Historic Barnsley map restored and saved

One of Barnsley’s earliest maps has been repaired, restored and made available to the public thanks to the fundraising efforts of the Friends of Barnsley Archives.

The Barnsley Local Board of Health map is an extremely important document dating back to 1856 and shows the extent of the jurisdiction of the Board.

Local Boards of Health were local authorities in urban areas of England and Wales, created following the Public Health Act of 1848, largely in response to the cholera epidemics of the previous decades. These new boards had substantial local powers, including regulating environmental health risks, controlling sewers and drainage, and ensuring the supply of water.

The Local Board of Health in Barnsley was created following the inspection of the town in 1852 by William Ranger of the General Board of Health. He criticised the unsatisfactory condition of the town, particularly citing the mortality rate, the water supply, and the inefficiency of both sewerage and drainage. Due to the poor conditions the decision was taken to create the new Board to tackle these problems. The Board remained until 1869 when Barnsley became a borough.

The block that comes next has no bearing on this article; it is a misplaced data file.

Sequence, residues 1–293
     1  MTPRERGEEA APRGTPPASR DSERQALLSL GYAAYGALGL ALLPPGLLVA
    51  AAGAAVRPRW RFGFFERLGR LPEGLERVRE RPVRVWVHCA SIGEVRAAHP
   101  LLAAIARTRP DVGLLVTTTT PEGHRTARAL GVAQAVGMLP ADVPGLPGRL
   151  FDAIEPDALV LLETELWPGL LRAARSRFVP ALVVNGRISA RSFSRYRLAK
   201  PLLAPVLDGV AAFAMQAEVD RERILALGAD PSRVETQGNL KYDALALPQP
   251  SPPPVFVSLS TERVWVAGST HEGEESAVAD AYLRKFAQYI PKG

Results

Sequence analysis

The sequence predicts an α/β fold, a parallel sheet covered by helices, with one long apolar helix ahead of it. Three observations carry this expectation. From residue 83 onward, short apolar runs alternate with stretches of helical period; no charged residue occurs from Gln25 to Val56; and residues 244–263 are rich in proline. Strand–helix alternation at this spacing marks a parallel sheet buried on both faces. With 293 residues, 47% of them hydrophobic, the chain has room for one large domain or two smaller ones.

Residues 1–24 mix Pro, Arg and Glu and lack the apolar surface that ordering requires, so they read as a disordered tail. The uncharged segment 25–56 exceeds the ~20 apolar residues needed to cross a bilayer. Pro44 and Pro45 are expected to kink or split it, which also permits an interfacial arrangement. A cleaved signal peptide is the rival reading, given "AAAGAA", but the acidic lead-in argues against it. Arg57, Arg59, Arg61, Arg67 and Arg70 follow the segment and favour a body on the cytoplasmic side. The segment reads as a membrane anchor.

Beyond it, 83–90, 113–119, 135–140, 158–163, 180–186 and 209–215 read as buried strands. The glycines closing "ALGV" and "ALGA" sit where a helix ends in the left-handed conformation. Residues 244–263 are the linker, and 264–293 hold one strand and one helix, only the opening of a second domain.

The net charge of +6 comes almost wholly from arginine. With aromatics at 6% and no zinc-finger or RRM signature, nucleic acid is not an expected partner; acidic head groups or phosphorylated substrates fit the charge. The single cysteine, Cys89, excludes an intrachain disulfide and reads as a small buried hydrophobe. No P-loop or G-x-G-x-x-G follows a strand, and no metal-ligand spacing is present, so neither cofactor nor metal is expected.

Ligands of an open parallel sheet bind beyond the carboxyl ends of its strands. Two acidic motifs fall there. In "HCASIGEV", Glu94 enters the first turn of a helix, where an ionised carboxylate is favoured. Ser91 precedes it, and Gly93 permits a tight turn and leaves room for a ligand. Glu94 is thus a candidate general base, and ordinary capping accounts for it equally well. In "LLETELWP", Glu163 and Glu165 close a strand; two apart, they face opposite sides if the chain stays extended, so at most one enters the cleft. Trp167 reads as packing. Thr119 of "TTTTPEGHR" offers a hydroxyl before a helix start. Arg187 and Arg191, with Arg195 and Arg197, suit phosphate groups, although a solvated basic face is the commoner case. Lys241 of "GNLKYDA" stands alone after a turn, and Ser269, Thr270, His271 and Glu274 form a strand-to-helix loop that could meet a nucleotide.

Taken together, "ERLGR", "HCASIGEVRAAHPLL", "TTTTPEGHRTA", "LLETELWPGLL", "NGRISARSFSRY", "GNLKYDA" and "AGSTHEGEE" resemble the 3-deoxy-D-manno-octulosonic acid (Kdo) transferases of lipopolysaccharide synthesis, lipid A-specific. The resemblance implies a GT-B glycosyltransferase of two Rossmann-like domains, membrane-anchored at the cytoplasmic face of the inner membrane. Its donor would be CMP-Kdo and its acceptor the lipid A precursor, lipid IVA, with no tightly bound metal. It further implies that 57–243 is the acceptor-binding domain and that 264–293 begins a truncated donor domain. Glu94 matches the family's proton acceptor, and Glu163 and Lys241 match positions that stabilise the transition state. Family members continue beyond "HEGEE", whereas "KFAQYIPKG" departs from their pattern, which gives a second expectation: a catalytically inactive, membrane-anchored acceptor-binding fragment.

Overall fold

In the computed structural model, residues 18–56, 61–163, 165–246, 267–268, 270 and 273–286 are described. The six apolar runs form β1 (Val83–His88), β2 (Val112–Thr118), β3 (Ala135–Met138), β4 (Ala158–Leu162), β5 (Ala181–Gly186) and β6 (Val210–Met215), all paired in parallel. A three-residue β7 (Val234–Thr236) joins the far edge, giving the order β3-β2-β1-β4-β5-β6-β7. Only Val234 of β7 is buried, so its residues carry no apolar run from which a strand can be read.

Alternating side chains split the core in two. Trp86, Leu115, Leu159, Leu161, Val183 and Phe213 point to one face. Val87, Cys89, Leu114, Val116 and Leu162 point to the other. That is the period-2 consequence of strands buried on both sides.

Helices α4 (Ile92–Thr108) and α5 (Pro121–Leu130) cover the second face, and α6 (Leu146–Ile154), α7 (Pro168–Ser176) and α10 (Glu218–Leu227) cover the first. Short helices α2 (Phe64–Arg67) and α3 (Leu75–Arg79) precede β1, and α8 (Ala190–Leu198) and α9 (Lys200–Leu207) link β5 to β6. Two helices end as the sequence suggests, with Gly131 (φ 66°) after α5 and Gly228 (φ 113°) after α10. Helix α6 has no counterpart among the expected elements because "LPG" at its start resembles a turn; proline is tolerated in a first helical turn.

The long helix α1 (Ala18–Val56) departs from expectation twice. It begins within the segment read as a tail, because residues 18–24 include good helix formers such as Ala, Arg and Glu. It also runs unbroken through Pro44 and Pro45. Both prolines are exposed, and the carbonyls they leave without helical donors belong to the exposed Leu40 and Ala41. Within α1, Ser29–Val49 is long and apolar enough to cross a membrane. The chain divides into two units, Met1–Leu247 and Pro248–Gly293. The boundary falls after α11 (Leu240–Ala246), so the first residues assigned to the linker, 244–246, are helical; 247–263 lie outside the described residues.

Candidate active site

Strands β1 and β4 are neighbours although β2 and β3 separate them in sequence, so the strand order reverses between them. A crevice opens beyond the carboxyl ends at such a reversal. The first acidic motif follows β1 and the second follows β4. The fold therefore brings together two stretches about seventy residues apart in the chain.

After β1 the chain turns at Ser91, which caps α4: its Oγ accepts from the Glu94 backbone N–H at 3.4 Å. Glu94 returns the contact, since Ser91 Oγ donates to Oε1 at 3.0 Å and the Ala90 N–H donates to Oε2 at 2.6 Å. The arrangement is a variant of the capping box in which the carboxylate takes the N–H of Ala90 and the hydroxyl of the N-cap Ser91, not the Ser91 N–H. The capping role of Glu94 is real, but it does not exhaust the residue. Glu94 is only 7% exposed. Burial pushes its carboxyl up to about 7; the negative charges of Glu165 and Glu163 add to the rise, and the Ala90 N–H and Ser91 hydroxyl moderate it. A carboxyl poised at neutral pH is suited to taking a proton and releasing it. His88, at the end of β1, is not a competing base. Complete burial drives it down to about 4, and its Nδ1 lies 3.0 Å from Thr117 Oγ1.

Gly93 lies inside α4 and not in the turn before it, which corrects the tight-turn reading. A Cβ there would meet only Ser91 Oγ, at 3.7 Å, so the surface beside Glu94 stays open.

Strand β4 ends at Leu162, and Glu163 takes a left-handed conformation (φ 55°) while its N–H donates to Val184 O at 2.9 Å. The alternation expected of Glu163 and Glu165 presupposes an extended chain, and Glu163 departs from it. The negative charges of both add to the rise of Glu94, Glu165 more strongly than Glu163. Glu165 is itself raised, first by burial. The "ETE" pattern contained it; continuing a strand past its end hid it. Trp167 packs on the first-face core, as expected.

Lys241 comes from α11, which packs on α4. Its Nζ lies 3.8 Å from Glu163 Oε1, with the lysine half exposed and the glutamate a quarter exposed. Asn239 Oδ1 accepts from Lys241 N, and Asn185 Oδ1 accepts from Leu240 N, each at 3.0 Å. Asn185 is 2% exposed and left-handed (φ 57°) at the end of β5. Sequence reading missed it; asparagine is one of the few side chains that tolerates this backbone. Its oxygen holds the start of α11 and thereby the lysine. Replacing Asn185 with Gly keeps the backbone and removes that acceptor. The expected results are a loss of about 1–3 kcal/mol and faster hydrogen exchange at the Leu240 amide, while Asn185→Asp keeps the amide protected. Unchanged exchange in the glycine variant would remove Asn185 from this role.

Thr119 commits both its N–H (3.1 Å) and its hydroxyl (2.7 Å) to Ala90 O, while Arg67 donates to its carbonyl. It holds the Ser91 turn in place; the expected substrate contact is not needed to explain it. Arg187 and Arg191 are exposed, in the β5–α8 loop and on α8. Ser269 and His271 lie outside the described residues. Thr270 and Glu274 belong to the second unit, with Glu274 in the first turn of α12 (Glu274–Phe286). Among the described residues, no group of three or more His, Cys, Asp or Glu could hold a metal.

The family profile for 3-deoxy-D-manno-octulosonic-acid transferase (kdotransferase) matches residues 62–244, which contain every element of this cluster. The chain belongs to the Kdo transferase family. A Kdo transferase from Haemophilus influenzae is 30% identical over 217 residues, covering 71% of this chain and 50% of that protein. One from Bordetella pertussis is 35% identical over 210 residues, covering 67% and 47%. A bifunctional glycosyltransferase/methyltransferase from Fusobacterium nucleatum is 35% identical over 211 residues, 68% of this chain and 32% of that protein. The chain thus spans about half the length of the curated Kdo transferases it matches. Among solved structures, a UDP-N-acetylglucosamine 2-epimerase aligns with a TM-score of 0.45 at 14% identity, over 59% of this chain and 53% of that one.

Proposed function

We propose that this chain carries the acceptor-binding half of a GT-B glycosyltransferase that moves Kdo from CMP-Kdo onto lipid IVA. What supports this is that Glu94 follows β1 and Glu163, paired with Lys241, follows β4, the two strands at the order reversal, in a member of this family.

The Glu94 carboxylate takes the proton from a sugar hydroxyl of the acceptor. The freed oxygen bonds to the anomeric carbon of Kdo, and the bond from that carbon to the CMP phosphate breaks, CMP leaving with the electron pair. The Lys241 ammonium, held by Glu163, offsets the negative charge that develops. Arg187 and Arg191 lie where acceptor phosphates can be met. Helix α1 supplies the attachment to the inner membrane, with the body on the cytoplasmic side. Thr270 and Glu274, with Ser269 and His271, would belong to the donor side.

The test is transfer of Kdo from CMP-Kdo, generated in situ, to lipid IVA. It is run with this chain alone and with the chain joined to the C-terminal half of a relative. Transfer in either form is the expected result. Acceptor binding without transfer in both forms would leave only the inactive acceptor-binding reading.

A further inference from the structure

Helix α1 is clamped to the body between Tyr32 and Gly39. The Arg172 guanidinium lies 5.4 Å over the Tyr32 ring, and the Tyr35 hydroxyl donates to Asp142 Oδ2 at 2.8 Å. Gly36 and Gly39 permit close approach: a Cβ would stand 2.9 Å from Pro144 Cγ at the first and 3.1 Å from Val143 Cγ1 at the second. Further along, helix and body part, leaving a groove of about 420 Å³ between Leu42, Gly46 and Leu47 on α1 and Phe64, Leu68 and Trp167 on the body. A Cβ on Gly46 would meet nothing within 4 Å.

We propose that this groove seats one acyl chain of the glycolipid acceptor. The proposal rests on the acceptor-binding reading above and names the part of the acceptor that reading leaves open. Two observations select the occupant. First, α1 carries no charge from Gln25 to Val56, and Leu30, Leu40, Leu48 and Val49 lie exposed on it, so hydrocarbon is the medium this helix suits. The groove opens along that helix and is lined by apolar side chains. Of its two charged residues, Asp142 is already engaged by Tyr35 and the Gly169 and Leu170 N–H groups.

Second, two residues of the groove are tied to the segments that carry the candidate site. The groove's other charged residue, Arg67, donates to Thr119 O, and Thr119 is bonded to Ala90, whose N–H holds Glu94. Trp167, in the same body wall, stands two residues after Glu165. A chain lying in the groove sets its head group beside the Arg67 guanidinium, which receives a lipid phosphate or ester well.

Measuring 131 x 97cm, the map is tremendously detailed, showing every house, building and structure. The restoration work cost nearly £800.

Cllr Roy Miller, Cabinet Spokesperson for Place said, “We are indebted to the Friends of Archives for funding the restoration of one of Barnsley’s most important maps. The map shows the many changes that have occurred in the area over the last 160 years. The area at the top of Market Hill, now occupied by the Town Hall and Barnsley Sixth Form College has altered beyond all recognition, with the housing, lanes, pubs and alleys having been cleared away during the 20th century. As for sport, it was to be another 30 years before the Reverend Preedy founded the town’s football club. Where the towns beloved Oakwell now resides was just open fields back in 1856. As the redevelopment of Barnsley’s town centre gathers pace, maps such as this become more significant, allowing us to look back at what has changed but also at what has remained constant over the centuries.”

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